Sunday, September 24, 2017

MMGM (9/25/2017): Tuesdays at the Castle by Jessica Day George

For MMGM, I am recommending Tuesdays at the Castle by Jessica Day George.

Here's the publisher's description:

See where it all began with Jessica Day George's magical bestselling series!  

Tuesdays at Castle Glower are Princess Celie's favorite days. That's because on Tuesdays the castle adds a new room, a turret, or sometimes even an entire wing. No one ever knows what the castle will do next, and no one-other than Celie, that is-takes the time to map out the new additions. But when King and Queen Glower are ambushed and their fate is unknown, it's up to Celie, with her secret knowledge of the castle's never-ending twists and turns, to protect their home and save their kingdom.

I really enjoyed this book! One of my favorite things about it is how original its premise is. The author has taken what seem to be common elements of books, such as magic and royalty, and made a unique mash-up of them, helping to keep the plot interesting and unexpected. Of course, this is helped by the fact that the book moves quickly through many interesting events. Conspiracies are uncovered, people are trapped, and the castle's magic creates many fun twists and turns. Even as the plot rushes forward, however, the characters remain full of life and emotions, never becoming dull or caricatures of themselves. The main character, Celie, is especially likable, never becoming too much like an adult but still rising up in the face of a challenge. Although this book is part of a series, it doesn’t end on a cliffhanger, so you can read it as a standalone book (I felt that the second book in the series went too slowly, but people have enjoyed the later books, so it may be worth it to read the whole series). Whether you read it by itself or along with the rest of the series, Tuesdays at the Castle is a wonderfully fun book for readers of all ages!

Sunday, September 17, 2017

MMGM (9/18/2017): The Graveyard Book by Neil Gaiman

For MMGM, I am recommending The Graveyard Book by Neil Gaiman.

Here's the publisher's description:

It takes a graveyard to raise a child.

Nobody Owens, known as Bod, is a normal boy. He would be completely normal if he didn’t live in a graveyard, being raised by ghosts, with a guardian who belongs to neither the world of the living nor the dead. There are adventures in the graveyard for a boy—an ancient Indigo Man, a gateway to the abandoned city of ghouls, the strange and terrible Sleer. But if Bod leaves the graveyard, he will be in danger from the man Jack—who has already killed Bod’s family.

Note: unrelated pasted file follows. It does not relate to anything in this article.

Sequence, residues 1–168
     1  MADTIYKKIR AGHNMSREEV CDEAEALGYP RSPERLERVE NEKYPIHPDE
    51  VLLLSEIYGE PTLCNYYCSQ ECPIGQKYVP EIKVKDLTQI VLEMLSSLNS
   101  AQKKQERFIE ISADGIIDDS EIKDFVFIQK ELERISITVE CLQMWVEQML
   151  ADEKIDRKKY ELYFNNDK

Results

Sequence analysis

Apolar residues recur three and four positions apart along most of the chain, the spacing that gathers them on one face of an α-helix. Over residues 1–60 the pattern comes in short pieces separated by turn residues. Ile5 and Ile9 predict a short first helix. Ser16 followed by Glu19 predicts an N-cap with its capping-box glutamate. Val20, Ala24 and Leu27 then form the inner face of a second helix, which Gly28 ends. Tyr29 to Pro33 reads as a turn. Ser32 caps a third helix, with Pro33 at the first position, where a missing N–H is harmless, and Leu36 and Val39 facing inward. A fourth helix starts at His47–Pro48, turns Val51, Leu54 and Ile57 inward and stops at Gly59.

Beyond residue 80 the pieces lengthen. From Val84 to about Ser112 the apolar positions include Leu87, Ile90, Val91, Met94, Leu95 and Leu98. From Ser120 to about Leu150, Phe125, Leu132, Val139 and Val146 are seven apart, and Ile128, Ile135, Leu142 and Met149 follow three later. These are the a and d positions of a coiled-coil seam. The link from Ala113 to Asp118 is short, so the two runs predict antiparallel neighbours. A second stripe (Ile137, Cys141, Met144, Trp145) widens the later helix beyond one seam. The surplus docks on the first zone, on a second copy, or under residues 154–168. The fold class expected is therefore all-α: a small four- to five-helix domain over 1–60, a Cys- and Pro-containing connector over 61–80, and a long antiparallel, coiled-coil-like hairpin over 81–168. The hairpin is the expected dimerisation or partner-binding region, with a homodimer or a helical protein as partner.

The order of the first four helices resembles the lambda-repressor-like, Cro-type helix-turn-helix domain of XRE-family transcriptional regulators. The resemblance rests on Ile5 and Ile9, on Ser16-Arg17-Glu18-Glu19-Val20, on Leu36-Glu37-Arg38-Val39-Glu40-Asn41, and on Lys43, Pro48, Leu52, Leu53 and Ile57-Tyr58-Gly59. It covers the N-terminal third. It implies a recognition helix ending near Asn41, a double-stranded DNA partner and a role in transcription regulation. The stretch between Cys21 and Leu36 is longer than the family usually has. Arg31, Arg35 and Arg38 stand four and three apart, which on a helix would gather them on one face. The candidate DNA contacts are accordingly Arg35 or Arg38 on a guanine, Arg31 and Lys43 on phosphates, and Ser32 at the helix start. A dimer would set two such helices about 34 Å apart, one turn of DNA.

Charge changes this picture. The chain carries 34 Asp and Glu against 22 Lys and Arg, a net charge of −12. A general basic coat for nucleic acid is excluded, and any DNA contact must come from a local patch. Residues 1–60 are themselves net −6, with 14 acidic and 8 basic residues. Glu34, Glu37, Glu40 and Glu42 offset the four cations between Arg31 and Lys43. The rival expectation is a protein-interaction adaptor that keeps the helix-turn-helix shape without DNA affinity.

The Graveyard Book, a modern classic, is the only work to ever win both the Newbery (US) and Carnegie (UK) medals. A New York Times bestseller.

I love this book! There are so many things I could talk about, but here are the major ones. Firstly, the characters are very well-rounded, with interesting backstories (some of which are initially mysteries to the reader) and personalities. Bod, even though he does make mistakes, is still a likable main character. Also, the writing of The Graveyard Book is great. It has its own personality (just like in another of Gaiman's books that I enjoyed, Coraline), making every part of the book interesting. There is enjoyable description which makes scenes vivid and often adds a sense of creepiness. Finally, the plot of the book is great. There are subplots, twists, and climactic scenes that keep the reader on the edge of their seat. All in all, The Graveyard Book is a fabulous novel that absolutely deserves both the Newbery Medal that it won and the love of readers everywhere!

Sunday, September 10, 2017

MMGM (9/11/2017): Heartbeat by Sharon Creech

For MMGM, I am recommending Heartbeat by Sharon Creech.

Here's the publisher's description:

Run run run.

That's what twelve-year-old Annie loves to do. When she's barefoot and running, she can hear her heart beating . . . thump-Thump, thump-Thump. It's a rhythm that makes sense in a year when everything's shifting: Her mother is pregnant, her grandfather is forgetful, and her best friend, Max, is always moody. Everything changes over time, just like the apple Annie's been assigned to draw. But as she watches and listens, Annie begins to understand the many rhythms of life, and how she fits within them.

I loved everything about this book! One of my favorite things about it was the writing. The main character, Annie, has a realistic voice which is both thoughtful and down-to-earth, and the writing is expressed in beautiful, rhythmic verse. Scenes are described vividly, as are the emotions contained within them (unsurprising, since Creech has written many amazing books, including Newbery Medal-winning Walk Two Moons). The book has a great plot as well, never dragging on as it jumps from one topic to another, dealing with aging, friendship, and new siblings, with added extras thrown in (such as running or drawing an apple). Heartbeat is not very long (only 180 pages of verse in large font), but each chapter is a touching moment. Everyone who is lucky enough to read this book will definitely enjoy it!

Sunday, September 3, 2017

Poetry Sunday: Three poems! (no MMGM)

I have no MMGM this week, since I have had no time to read or reread a book. However, to make up for it, I am recommending three poems for Poetry Sunday! The first is "The Panther" by Rainer Maria Rilke, the second is "After Apple-Picking" by Robert Frost, and the third is poem 449 ("I died for Beauty — but was scarce . . . " by Emily Dickinson. I hope you enjoy these!